Charles Dickens

Walmers); and then he gently shakes the little shoulder.

"Harry, my dear boy! Harry!"

Master Harry starts up and looks at him. Looks at Cobbs too. Such is the honour of that mite, that he looks at Cobbs, to see whether he has brought him into trouble.

"I am not angry, my child. I only want you to dress yourself and come home."

"Yes, pa."

Master Harry dresses himself quickly. His breast begins to swell when he has nearly finished, and it swells more and more as he stands, at last, a looking at his father: his father standing a looking at him, the quiet image of him.

"Please may I"--the spirit of that little creatur, and the way he kept his rising tears down!--"please, dear pa--may I--kiss Norah before I go?"

"You may, my child."

So he takes Master Harry in his hand, and Boots leads the way with the candle, and they come to that other bedroom, where the elderly lady is seated by the bed, and poor little Mrs. Harry Walmers, Junior, is fast asleep. There the father lifts the child up to the pillow, and he lays his little face down for an instant by the little warm face of poor unconscious little Mrs. Harry Walmers, Junior, and gently draws it to him,--a sight so touching to the chambermaids who are peeping through the door, that one of them calls out, "It's a shame to part 'em!" But this chambermaid was always, as Boots informs me, a soft-hearted one. Not that there was any harm in that girl. Far from it.

Finally, Boots says, that's all about it. Mr. Walmers drove away in the chaise, having hold of Master Harry's hand. The elderly lady and Mrs. Harry Walmers, Junior, that was never to be (she married a Captain long afterwards, and died in India), went off next day. In conclusion, Boots put it to me whether I hold with him in two opinions: firstly, that there are not many couples on their way to be married who are half as innocent of guile as those two children; secondly, that it would be a jolly good thing for a great many couples on their way to be married, if they could only be stopped in time, and brought back separately.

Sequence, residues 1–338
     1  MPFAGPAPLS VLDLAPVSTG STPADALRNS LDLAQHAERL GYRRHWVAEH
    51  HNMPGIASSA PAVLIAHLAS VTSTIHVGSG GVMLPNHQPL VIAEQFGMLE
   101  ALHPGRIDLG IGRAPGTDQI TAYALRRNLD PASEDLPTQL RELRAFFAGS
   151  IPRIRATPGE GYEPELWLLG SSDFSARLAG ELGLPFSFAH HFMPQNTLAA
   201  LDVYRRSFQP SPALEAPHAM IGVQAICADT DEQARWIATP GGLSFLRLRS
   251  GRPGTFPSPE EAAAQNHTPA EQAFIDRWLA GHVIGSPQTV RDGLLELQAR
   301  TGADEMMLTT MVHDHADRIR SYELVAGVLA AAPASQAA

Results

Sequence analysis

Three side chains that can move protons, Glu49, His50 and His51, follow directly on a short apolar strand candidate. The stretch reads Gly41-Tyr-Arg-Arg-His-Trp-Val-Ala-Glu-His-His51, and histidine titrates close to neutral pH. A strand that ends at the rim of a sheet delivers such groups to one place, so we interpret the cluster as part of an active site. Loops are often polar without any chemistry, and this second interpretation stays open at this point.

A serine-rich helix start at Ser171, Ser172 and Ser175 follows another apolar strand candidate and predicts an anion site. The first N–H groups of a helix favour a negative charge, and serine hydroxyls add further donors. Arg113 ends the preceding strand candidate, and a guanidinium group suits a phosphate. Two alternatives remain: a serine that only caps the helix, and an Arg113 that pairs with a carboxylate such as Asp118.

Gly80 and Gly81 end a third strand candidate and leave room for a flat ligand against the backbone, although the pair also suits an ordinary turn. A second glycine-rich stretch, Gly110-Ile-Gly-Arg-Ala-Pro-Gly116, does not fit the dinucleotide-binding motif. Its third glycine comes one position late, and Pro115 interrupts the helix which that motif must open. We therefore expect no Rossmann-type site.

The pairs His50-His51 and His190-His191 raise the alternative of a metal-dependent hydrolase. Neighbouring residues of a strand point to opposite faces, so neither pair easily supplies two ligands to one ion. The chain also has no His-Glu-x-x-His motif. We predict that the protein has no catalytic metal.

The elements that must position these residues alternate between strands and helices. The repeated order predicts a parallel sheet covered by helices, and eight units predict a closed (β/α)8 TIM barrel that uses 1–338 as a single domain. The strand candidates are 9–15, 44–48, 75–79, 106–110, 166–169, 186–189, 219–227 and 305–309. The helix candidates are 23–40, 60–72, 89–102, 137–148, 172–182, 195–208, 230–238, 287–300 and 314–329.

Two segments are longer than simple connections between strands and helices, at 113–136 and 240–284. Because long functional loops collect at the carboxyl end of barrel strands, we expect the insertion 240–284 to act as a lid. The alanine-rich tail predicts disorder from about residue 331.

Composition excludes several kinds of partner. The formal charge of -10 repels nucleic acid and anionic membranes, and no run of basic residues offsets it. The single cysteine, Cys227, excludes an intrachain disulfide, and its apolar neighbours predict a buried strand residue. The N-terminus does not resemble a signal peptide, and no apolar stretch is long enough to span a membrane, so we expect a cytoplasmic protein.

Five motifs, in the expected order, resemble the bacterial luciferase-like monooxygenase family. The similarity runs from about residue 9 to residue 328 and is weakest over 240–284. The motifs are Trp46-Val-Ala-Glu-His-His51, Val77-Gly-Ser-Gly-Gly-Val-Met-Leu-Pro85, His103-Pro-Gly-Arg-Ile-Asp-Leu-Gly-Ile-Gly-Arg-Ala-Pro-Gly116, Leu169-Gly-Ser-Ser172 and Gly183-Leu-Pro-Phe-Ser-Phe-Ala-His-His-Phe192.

I had been snowed up a whole week. The time had hung so lightly on my hands, that I should have been in great doubt of the fact but for a piece of documentary evidence that lay upon my table.

The road had been dug out of the snow on the previous day, and the document in question was my bill. It testified emphatically to my having eaten and drunk, and warmed myself, and slept among the sheltering branches of the Holly-Tree, seven days and nights.

I had yesterday allowed the road twenty-four hours to improve itself, finding that I required that additional margin of time for the completion of my task. I had ordered my Bill to be upon the table, and a chaise to be at the door, "at eight o'clock to-morrow evening." It was eight o'clock to-morrow evening when I buckled up my travelling writing-desk in its leather case, paid my Bill, and got on my warm coats and wrappers. Of course, no time now remained for my travelling on to add a frozen tear to the icicles which were doubtless hanging plentifully about the farmhouse where I had first seen Angela. What I had to do was to get across to Liverpool by the shortest open road, there to meet my heavy baggage and embark. It was quite enough to do, and I had not an hour too much time to do it in.

I had taken leave of all my Holly-Tree friends--almost, for the time being, of my bashfulness too--and was standing for half a minute at the Inn door watching the ostler as he took another turn at the cord which tied my portmanteau on the chaise, when I saw lamps coming down towards the Holly-Tree. The road was so padded with snow that no wheels were audible; but all of us who were standing at the Inn door saw lamps coming on, and at a lively rate too, between the walls of snow that had been heaped up on either side of the track. The chambermaid instantly divined how the case stood, and called to the ostler, "Tom, this is a Gretna job!" The ostler, knowing that her sex instinctively scented a marriage, or anything in that direction, rushed up the yard bawling, "Next four out!" and in a moment the whole establishment was thrown into commotion.